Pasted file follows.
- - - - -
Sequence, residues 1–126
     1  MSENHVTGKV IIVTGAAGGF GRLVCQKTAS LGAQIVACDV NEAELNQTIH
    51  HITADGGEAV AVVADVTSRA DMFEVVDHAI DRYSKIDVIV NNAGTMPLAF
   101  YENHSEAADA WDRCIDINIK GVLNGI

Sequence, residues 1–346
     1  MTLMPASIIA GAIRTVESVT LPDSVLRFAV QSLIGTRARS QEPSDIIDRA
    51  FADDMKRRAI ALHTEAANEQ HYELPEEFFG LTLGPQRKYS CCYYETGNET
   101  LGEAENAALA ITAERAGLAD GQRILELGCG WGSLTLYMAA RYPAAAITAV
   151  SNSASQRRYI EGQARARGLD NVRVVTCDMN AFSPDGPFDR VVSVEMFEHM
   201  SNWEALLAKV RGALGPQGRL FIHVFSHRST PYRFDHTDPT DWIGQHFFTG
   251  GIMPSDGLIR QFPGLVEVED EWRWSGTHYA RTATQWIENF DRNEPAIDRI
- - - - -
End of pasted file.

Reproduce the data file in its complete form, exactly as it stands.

Sequence, residues 1–126
     1  MSENHVTGKV IIVTGAAGGF GRLVCQKTAS LGAQIVACDV NEAELNQTIH
    51  HITADGGEAV AVVADVTSRA DMFEVVDHAI DRYSKIDVIV NNAGTMPLAF
   101  YENHSEAADA WDRCIDINIK GVLNGI

Sequence, residues 1–346
     1  MTLMPASIIA GAIRTVESVT LPDSVLRFAV QSLIGTRARS QEPSDIIDRA
    51  FADDMKRRAI ALHTEAANEQ HYELPEEFFG LTLGPQRKYS CCYYETGNET
   101  LGEAENAALA ITAERAGLAD GQRILELGCG WGSLTLYMAA RYPAAAITAV
   151  SNSASQRRYI EGQARARGLD NVRVVTCDMN AFSPDGPFDR VVSVEMFEHM
   201  SNWEALLAKV RGALGPQGRL FIHVFSHRST PYRFDHTDPT DWIGQHFFTG
   251  GIMPSDGLIR QFPGLVEVED EWRWSGTHYA RTATQWIENF DRNEPAIDRI